• Pawspiracy Team

Feeding Fish Is A Fishy Business!

Our pack of four enjoy occasional meal toppers to boost their meals from time to time.

Sadie’s favourite addition is fresh fish. She is visibly excited when she sees salmon or sardine swimming around in her bowl.

So why feed fish?

Fishes are loaded with Omega-3 Fatty Acids such as DHA and EPA. As mentioned in our previous blog post “You Are What You Eat.” Feeding meals enriched with EPA and DHA have a host of health benefits for both dogs and cats of all ages. The benefits are both cognitive and physical, i.e. better information retention and learning ability; reduced inflammation and better mobility function.

Perhaps the most desirable of them all would be the improvement of their skin and coat condition.

Unfortunately, Omega 3 fats aren't common in commercial pet foods as they often come from expensive sources such as seafood. In contrast, Omega-6 which are plant sourced, like flaxseed, are more often found.

As such, commercial food options often have Omega-6:3 imbalances. These fatty acid imbalances often manifest itself in the form of inflammation, dry and itchy skin and/or poor coat quality.

Add some fish at meal times for a much needed boost of Omega-3 fatty acids and restore balance in your companion!

What about store bought fish-based diet?

A thing to note is that the delicate fats in fish are extremely susceptible to spoilage and often require an anti-oxidant or preservative. In pet food, fish are preserved using a chemical called ethoxyquin.

Ethoxyquin was developed by the rubber industry to prevent rubber from cracking and was later used as a pesticide to control pears and apples from browning. It has been banned in Australia and Europe on any foods meant for human consumption. It is only permitted in minimal amounts as a colour preservative for spices such as chili powder, paprika, and ground chili.

The harmful effects of ethoxyquin were first reported by dog owners, breeders and vets back in 1988. It was believed to be responsible for a host of health issues such as organ and reproductive dysfunction, birth abnormalities, autoimmune disorders and cancers in both cats and dogs.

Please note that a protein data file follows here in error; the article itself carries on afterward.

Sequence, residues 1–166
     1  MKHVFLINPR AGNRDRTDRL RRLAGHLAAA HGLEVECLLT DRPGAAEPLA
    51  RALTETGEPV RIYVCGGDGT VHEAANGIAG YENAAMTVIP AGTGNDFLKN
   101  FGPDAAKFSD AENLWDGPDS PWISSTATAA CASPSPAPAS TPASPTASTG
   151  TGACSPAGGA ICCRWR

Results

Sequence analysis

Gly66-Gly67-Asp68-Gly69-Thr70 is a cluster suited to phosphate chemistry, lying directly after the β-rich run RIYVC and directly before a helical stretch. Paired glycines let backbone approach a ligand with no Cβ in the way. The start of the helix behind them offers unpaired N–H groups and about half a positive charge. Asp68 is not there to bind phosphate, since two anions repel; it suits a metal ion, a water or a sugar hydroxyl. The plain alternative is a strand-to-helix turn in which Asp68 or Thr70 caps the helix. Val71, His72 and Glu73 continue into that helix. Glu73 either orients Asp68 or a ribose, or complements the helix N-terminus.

Study done by the University of Lodz, Poland, 2013

Despite it’s controversy, ethoxyquin is preferred by pet food manufactures over natural preservatives as it offers a longer period of protection against oxidation.

How can I avoid Ethoxyquin tainted food?

Most (if not all) fish or fish meal used in pet foods are preserved with ethoxyquin. To complicate things further, pet food labels are not required to list ethoxyquin if the ingredients bought for manufacturing contained ethoxyquin to begin with.

You can minimize the risk by opting for human grade pet foods. But unless a manufacturer confirms that they have NOT added ethoxyquin during the manufacturing process not bought raw materials that contain ethoxyquin, it can be assumed that the product contains ethoxyquin.

So how can my companion safely enjoy the benefits of fish?

Feed it FRESH! You can add a lovely slice of salmon on top of your companions’ meal or perhaps use tiny sprats for a fun training session.

Your furry companion can enjoy fish raw or fresh!

For sashimi style feeding, we recommend freezing it at below -20c for a minimum of 7 days to minimize the risks of parasites. These are the guidelines provided by the Federal Drug Administration of USA.

For gently cooked fish, avoid seasoning with salt or excessive use of oils and butter.

Either way you serve it, I’m sure your companion will savour every bite.

Can I feed all fish?

We recommend choosing small fishes that are low on the marine food chain. Fishes higher up the food chain consume other fishes and accumulate toxins over their lifetime. This often leads to a higher mercury content which should be avoided.

Refer to the chart below to understand which seafoods have higher or lower mercury content.

Some fish that we enjoy feeding are sardines, sprats, anchovies and salmon.

Where can I get my hands on some lovely fishies?

Singapore’s wet markets and grocery stores have seasonal fish and you can on occasion find sardines and other Omega rich fish.

One of our personal favourites are canned sardines packed in fresh spring water, no salt added! Don’t forget to keep the sardines refrigerated once opened and consume within 2 days to prevent the fragile fats from going rancid.

Salmon can be found at great prices from grocers such as Fassler!

I’m sure there are other amazing options out there to catch the best deals so feel free to share in the comments below.

We hope you found this article informative and we can’t wait to see more fishes swimming it’s way to your bowl.

Until next time, keep your tails wagging.

Pawspiracy Team

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